Friday, January 20, 2012

Holla! (Challah)

I've been wanting to say that for a long time, haha. Oh, apparently it's also my 100th post. Yay me? But seriously, challah, where have you been all my life? You are delicious, slightly sweet, and beautiful. You've got it all, don't you? 

I had to use my honey sticks. It's okay, it was for a good cause. 

This challah is of the round and braided variety, which is supposed to be saved for Rosh Hashanah. The circular twisty shape is supposed to represent the cycle of a new year beginning, or something of that nature. It's too awesome to just be eaten once a year! I'm really bad at looking at pictures and figuring out what to do, so I had to watch a video to figure out the braiding. Here, I'll show you. It's quite useful.

Mmm. I want to eat the whole thing. I'm not exaggerating, I am not known to exaggerate about food things. It's sitting next to me as I type. I want it. Stop it, you temptress! On a side note, I'm the proud owner of a Pinterest, which is actually not a good thing for me. I make lists obsessively and this just gives me another excuse to do so. But if you want to look at it and feed my addiction...I won't stop you.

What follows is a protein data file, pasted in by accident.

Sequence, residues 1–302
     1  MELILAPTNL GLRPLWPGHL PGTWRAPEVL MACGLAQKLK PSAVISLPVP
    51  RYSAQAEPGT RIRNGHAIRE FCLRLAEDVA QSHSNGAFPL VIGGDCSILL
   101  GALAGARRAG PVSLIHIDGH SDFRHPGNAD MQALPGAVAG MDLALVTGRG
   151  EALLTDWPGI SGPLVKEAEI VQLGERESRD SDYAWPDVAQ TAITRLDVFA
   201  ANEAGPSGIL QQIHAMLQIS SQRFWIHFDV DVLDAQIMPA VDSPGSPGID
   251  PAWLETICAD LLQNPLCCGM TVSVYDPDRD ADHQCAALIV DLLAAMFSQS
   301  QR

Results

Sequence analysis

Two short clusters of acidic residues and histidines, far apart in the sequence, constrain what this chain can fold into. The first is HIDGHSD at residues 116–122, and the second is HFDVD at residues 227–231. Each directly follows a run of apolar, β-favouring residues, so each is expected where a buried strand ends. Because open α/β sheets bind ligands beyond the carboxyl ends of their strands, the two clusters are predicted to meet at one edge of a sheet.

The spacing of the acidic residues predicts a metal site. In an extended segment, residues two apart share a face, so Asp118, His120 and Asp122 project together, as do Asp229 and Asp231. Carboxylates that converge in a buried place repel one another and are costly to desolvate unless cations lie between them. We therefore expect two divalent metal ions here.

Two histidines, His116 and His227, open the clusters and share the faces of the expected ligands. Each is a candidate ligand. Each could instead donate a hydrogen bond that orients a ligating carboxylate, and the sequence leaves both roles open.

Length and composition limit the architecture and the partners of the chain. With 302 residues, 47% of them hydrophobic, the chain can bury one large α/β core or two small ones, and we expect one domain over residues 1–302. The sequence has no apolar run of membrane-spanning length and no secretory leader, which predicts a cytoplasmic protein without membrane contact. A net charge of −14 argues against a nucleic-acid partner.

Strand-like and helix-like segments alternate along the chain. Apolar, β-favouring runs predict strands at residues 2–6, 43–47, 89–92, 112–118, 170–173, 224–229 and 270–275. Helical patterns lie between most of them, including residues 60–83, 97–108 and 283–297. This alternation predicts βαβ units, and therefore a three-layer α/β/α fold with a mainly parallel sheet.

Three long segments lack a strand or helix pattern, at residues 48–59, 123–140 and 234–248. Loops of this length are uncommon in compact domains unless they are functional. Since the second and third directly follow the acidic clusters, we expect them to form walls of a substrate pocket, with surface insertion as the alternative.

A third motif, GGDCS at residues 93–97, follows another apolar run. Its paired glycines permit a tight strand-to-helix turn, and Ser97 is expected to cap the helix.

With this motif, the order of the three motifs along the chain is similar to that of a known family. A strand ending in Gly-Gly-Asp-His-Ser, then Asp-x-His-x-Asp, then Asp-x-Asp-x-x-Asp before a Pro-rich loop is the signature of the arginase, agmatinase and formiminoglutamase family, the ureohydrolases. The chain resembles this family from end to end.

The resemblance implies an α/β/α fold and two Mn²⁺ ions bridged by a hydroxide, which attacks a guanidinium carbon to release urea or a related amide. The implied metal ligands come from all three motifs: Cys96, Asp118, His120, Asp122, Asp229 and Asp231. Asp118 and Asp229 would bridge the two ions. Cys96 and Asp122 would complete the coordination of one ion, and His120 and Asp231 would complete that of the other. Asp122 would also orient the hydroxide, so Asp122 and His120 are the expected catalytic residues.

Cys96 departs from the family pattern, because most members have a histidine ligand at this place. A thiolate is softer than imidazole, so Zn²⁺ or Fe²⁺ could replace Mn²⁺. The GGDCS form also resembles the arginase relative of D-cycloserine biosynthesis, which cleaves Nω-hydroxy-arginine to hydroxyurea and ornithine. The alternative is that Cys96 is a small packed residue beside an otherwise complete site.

Messy desk! 

Round Braided Challah

(I'll just let you look at the original poster's braiding instructions, or the video, cause it would be useless without the pictures and I don't want to post other people's pictures on here). 
1 1/4 cups warm water
2 tablespoons active dry yeast
1 teaspoon salt
1/3 cup sugar  
1/3 cup canola oil or vegetable oil
2 large eggs
2 tablespoons honey
4-5 cups all-purpose flour
  1. Mix all ingredients together.
  2. Knead until you've got a smooth sticky ball of dough.
  3. Let rise for one hour (or until doubled in size) in a covered bowl in a warm place.
  4. Punch down.
  5. Divide the dough in half
  6. Braid the dough (see braiding instructions below in link. Or just do a normal braid if you feel like it).
  7. Transfer braided dough to a cookie sheet covered in parchment paper or a silpat
  8. Cover and let rise for another hour.
  9. Bake at 350 F for twenty minutes, until golden brown.


  1. Congrats on 100 postings-time does fly when blogging. Your bread here does look delicious and I am partial to challah. The braiding part is the hardest and it is something I need to work on. You did a great job on these loaves. Enjoy the weekend!

    1. Thanks Tina! The braiding wasn't actually too terribly hard once you got the hang of it. I encourage you to give it a try!

  2. Challah has been on my list of things to make...bookmarking this now!


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